The risk is what 20 years of volume production will enable in price performance.

    And electric drive with a fossil fuel power source on standby is an option that allows a simple engine highly optimized for one speed and load, a strategy BMW is trying. Gone are the traditional complex power train that must overcome the poor low speed torque problems of IC engines.

    This use of electric drive in freight hauling will come and offer improved efficiency which in the high quantities for oil priced at the margin can have outsized impact on profits.
  • gospace on January 22 2017 said:
    Plug in hybrids with a local commuting range on battery alone are certainly part of the future. I've got a Prius now and have my eyes set on a new Prius Prime. But, on those zero degree Fahrenheit days we get here, just how far is a battery only electric car going to get me? How much power is going to go to resistance heat to keep the windshield clear? How much power will go to keep the passenger compartment heated? Or do the developers want us to wear ski gloves and outfits to drive in winter weather? Waste heat from a hybrids engine will do that without draining the battery. Odds are these electric cars with 200 mile range aren't going to get me 30 miles in zero degree weather. I've yet to see a single article extolling the cold weather performance of an all electric vehicle. Because it's not possible to write one.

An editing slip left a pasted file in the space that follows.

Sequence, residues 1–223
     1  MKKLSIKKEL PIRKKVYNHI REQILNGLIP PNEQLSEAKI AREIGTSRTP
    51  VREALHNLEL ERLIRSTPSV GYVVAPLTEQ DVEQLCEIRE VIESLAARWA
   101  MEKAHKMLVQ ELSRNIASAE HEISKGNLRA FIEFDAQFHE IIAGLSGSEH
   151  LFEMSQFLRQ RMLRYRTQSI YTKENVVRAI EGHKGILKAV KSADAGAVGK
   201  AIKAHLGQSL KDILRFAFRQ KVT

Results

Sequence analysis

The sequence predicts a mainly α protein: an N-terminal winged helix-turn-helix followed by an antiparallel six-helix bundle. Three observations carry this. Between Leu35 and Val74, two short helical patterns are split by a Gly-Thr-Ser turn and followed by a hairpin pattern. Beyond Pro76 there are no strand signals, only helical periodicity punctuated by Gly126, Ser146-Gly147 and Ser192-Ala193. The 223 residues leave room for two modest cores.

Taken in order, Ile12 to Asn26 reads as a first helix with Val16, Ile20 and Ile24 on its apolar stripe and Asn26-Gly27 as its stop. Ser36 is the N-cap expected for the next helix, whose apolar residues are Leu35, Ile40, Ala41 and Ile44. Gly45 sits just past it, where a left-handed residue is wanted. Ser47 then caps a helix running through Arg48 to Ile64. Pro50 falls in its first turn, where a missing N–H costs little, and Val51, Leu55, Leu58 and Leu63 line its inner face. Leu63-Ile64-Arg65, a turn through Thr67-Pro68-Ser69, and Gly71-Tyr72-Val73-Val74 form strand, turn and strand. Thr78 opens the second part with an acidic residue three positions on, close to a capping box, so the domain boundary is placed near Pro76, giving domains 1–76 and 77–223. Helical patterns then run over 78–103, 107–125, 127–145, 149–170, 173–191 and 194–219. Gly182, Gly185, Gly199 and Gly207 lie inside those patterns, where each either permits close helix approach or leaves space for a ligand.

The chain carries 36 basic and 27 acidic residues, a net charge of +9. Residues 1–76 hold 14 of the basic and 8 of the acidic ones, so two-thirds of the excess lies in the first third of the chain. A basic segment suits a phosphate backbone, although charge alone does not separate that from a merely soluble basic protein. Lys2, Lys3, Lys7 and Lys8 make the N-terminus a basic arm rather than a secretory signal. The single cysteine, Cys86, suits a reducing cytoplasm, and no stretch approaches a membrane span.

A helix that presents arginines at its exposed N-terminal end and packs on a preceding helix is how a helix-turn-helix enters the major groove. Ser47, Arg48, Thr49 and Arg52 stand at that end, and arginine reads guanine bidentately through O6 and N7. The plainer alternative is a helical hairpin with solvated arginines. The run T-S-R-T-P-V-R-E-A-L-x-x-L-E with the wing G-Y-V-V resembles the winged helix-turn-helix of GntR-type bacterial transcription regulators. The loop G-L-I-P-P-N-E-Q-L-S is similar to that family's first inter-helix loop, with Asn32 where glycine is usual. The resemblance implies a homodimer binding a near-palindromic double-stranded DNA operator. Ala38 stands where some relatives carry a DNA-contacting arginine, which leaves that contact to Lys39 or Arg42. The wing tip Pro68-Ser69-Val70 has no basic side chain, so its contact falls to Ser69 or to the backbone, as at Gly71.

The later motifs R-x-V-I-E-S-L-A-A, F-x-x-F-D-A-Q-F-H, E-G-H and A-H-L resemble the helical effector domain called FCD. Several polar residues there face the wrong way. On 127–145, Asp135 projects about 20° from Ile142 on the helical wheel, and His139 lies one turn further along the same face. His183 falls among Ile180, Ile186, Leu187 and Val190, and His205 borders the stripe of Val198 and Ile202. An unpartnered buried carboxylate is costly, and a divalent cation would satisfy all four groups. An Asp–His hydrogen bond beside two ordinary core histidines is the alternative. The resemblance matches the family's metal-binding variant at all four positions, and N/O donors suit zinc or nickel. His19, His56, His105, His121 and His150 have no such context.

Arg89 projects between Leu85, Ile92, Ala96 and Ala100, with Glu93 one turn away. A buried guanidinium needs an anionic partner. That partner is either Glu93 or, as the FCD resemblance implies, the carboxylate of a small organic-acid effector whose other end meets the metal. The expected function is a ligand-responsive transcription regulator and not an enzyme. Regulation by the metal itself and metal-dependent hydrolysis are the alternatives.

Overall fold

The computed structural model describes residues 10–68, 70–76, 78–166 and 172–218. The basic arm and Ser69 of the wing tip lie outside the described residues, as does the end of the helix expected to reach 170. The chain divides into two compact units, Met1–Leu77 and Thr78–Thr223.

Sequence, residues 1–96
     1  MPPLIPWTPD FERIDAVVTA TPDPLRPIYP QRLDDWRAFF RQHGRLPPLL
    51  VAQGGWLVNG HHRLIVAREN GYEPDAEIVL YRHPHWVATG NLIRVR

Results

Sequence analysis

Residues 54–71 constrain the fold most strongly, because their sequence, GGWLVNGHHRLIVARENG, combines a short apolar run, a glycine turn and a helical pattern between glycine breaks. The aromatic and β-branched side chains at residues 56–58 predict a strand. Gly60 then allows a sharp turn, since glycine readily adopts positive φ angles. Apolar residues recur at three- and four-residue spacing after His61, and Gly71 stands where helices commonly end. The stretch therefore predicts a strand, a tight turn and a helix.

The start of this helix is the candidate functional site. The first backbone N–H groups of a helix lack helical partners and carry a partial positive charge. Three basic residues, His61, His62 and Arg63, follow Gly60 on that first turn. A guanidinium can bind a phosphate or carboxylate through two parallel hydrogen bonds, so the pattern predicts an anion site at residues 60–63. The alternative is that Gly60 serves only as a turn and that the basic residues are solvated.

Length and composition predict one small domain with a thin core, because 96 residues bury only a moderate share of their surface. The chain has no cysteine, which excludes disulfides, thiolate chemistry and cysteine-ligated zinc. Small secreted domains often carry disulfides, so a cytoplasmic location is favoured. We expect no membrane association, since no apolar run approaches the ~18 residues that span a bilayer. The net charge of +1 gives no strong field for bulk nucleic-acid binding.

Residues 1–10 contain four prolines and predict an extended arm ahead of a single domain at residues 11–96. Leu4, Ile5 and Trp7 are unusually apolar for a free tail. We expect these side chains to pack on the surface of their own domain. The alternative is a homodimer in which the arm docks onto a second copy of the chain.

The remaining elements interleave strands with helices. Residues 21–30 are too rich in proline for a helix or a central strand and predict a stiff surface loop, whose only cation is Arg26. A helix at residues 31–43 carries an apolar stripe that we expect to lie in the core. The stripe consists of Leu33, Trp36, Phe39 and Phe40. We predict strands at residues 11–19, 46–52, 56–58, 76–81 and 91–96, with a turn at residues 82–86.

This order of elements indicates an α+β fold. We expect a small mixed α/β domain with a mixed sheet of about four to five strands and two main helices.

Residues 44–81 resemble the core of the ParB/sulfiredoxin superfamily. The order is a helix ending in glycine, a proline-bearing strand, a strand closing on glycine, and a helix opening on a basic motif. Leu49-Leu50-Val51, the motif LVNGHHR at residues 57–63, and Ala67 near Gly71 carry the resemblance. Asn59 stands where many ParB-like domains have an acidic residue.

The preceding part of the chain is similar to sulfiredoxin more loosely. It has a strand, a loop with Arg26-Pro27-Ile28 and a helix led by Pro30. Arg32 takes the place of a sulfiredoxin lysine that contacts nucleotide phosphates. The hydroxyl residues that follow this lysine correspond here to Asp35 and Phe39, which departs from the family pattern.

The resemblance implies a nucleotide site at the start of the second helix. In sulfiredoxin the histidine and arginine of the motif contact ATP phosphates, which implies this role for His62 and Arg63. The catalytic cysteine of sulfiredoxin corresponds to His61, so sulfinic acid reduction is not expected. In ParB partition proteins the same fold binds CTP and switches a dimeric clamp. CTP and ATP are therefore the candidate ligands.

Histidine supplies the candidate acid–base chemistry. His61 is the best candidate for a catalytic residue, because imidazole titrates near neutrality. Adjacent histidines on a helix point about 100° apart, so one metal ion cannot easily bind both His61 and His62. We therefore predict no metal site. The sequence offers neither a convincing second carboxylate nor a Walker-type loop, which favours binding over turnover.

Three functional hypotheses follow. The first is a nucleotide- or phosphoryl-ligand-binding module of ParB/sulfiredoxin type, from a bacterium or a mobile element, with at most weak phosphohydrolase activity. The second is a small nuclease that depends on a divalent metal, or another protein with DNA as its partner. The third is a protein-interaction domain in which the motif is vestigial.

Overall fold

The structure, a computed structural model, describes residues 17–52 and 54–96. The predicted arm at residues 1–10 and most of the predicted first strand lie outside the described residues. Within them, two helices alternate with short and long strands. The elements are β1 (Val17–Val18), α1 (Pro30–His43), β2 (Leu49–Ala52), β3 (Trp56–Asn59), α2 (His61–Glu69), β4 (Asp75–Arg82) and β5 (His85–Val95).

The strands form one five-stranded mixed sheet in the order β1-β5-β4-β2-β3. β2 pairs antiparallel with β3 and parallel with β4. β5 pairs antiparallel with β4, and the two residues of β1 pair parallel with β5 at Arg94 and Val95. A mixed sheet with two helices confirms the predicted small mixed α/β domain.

• JC on January 25 2017 said:
    The author lined it out and he covered what I am reading in some of the comments. Denial. The EV is here. I own one. I have a full tank of fuel every day and it costs me $1 a day. The Chevrolet Bolt goes on sale in a few weeks with a 238 mile range for $29995 after rebate. The range on these cars is growing. When it gets to 400 and higher the oil field car is finished.History has shown us over and over like the author states tech does replace old proven methods. Let me add if I may everything about driving a EV is superior to a oil powered car...the quiet.....the maintenance....the power. It beats it at every metric. The result to big oil is the damage will be permanent. Some here may not have been in a new car showroom for awhile. They have hybrids of nearly every model and pure plug ins of the smaller ones. The transition to EV is fully underway. These comments on the cold regarding the battery...comical. The EV can operate in the arctic..they have a warmer on the batt that kicks in for sub zero temps. Honestly the excuses.....the denial. Its fun and comical to witness. A war is going to happen here in the next decade. The car companies 100% control it. They made the need for oil.....they will remove the need for oil. Big oil is powerless to stop the change . We the consumers are the big beneficiary.